Today, there are 101 historically Black Colleges and Universities in the United States – down from 121 before segregation.According to the Atlanta Journal Constitution, Five HBCUs have completely closed since 1989. Several others, including Knoxville College, Barber-Scotia College and Morris Brown College, with only 55 students enrolled, remain open in name only after having been stripped of their accreditation.
The following story from AJC sums up the effects that de-segregation and busing had on HBCUs:
Two years ago, Amelia Smith received the one thing she thought she always wanted – a blue envelope from Spelman College. She had been accepted to what many consider the finest Black college in America.
Her grandmother went to Spelman. So did her mother. And her aunt. And her sister, who’s a senior there now. So Smith wasn’t surprised when she was accepted, too. She is just wrapping up her sophomore year. But not at Spelman. She’s studying biomedical engineering at Georgia Tech.
“I am kind of the black sheep in the family,” Smith said. “When I got accepted into Tech, I felt very proud of myself. My grandmother (a dean at Fort Valley State University) was very proud of me. She said if she had had the opportunity to go to Tech when she was choosing a college, she would have gone. But she never got that chance.”
Amelia Smith’s good fortune is Spelman College’s loss. She is a talented and highly coveted black student who had her pick of any college she could get into and afford. But that hard-won freedom comes at a price for historically black colleges and universities. Predominantly white schools are picking off some of Black colleges’ best prospects.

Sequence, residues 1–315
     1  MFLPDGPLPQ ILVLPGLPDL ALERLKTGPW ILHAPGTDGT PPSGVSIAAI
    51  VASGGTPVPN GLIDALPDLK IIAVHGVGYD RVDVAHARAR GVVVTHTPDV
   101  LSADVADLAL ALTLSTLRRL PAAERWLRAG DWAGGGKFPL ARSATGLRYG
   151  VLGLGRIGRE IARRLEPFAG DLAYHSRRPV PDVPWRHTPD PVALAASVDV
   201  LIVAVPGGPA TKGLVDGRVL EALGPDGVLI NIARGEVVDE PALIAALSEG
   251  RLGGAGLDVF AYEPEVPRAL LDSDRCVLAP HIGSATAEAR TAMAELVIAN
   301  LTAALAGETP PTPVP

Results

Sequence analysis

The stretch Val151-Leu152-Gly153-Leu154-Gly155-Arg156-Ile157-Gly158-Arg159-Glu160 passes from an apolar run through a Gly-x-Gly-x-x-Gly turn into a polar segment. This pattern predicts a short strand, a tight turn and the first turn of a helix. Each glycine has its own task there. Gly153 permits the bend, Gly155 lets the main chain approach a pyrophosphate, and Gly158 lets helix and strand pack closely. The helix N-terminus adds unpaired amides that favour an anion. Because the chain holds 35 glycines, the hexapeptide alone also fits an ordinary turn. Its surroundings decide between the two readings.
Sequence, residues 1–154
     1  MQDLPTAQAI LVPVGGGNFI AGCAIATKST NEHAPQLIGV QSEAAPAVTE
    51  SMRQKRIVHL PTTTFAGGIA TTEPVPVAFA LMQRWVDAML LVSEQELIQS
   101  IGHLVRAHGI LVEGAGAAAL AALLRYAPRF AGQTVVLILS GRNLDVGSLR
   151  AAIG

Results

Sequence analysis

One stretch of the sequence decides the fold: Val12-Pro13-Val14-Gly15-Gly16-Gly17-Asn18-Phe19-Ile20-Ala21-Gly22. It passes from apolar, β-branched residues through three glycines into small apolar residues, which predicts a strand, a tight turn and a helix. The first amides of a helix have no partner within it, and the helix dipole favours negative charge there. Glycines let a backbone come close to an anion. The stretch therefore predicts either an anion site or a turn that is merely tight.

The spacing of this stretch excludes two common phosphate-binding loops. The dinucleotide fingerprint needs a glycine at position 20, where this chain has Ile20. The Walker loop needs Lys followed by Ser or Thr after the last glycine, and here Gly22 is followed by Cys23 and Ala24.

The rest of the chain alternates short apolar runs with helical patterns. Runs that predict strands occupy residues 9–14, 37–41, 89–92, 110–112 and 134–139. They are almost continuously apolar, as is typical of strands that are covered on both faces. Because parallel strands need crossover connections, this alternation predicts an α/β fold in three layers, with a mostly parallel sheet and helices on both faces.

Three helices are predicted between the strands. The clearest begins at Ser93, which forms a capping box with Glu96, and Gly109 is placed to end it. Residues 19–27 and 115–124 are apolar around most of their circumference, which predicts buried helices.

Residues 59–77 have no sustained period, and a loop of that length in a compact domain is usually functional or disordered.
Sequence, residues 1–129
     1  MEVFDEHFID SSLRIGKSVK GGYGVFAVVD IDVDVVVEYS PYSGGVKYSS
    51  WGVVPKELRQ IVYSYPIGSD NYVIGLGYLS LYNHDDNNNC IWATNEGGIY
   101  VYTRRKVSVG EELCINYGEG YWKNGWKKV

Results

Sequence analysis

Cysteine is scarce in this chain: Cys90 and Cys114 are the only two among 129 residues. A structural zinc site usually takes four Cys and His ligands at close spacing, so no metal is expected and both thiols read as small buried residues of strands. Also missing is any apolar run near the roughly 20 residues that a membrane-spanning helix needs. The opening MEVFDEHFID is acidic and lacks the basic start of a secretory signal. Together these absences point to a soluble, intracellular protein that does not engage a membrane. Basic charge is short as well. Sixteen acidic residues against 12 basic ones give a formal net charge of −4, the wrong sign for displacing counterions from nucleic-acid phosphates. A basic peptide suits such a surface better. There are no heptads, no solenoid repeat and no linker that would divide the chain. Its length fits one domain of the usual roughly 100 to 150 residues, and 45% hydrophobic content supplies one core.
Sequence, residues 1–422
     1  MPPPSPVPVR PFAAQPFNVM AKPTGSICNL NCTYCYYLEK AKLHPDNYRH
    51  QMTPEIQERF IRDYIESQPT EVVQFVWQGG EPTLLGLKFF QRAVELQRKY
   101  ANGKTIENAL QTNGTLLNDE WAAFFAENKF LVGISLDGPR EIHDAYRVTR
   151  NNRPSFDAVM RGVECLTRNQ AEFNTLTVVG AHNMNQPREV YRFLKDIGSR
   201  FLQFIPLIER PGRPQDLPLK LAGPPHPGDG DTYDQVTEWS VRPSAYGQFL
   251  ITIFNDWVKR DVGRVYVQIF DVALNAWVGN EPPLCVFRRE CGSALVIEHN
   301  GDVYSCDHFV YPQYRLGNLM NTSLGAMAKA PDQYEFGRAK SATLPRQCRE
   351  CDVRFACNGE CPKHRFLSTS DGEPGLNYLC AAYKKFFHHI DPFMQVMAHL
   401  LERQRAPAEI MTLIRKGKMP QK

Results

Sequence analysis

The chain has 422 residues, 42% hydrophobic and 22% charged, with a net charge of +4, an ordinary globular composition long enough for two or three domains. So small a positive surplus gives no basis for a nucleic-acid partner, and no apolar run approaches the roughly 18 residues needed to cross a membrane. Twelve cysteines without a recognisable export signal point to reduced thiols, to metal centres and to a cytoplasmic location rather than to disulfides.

Ironically, declining enrollments led some schools to market themselves to a broader demographic, with low tuitions attracting an increasing number of white students.
School busing placed Black students into white academic pipelines – feeding them into state-run institutions. Black graduates then support the future success of these integrated institutions as part of Alumni associations while depriving those same contributions from Black institutions that so desperately need them: Of the HBCUs that are no longer in existence, all of them closed due to lack of financial support (source).
Forced School Integration Created A Resource Drain From Black Communities
Before segregation, Blacks had no choice but to invest in Black owned and operated businesses – most of the white businesses were off limits. The money that we spent in our community stayed in the community. We tithed it, saved it to send our kids to historically Black colleges, and used it to improve our quality of life. Integration changed all that.
Where we used to spend most of our money with Black businesses, we now only spend an estimated 4% of our money with our own people. 96% of our dollars drive out of town in the pockets of landlords, gas station and grocery store owners, and bankers. In the words of Dr. Kunjufu, “You cannot give 96% of your income away and blame 100% of your problems on someone else”.
Integration and busing has lured our best minds and top earners out of historically Black communities (where their money could do some good) to “better” parts of town. The homes, businesses, and schools that our Great-Grandfathers and Grandmothers built and loved are now rotted out buildings or gentrified beyond recognition.